It is estimated over 466 million people worldwide have disabling hearing loss
, and untreated hearing loss
is associated with poorer health outcomes. The influence of sex as a biological variable on hearing loss
is not well understood, especially for differences in underlying mechanisms which are typically elucidated through non-clinical research
. Although the inclusion of sex as a biological variable in clinical studies has been required since 1993, sex reporting has only been recently mandated in National Institutes of Health funded non-clinical studies.
This article reviews the literature on recent non-clinical and clinical research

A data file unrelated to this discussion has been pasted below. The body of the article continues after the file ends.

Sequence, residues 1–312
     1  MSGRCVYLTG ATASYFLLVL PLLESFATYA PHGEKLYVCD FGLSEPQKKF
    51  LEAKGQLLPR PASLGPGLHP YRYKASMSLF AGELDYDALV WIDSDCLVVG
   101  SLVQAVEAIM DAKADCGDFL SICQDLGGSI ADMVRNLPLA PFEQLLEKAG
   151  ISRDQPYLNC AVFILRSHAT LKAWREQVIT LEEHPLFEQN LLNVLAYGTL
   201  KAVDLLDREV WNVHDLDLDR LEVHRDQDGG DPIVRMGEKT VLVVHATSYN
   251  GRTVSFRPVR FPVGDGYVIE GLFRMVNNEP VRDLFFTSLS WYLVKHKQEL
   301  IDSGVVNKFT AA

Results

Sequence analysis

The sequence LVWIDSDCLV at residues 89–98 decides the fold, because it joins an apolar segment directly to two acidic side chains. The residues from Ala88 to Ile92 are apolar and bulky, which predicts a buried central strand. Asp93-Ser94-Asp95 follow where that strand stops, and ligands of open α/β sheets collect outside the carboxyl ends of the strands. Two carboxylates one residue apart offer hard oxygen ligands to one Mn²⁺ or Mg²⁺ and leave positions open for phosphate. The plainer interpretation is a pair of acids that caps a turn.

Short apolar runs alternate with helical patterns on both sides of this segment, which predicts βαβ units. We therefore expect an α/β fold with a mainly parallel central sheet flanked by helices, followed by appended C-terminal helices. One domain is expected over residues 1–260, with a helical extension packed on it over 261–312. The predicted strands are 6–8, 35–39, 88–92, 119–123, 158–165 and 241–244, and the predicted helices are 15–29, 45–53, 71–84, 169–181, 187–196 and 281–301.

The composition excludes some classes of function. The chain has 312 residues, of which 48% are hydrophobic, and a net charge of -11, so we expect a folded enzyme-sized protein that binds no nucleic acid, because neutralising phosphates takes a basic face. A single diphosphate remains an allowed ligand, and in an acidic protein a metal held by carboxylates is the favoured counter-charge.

concerning sex-based differences in hearing loss
primarily since 1993, and discusses implications for knowledge gaps in the translation from non-clinical to clinical realms.
The disparity between sex-based requirements for non-clinical versus clinical research
may inhibit a comprehensive understanding of sex-based mechanistic differences. Such disparities may play a role in understanding and explaining clinically significant sex differences
and are likely necessary for developing robust clinical treatment options.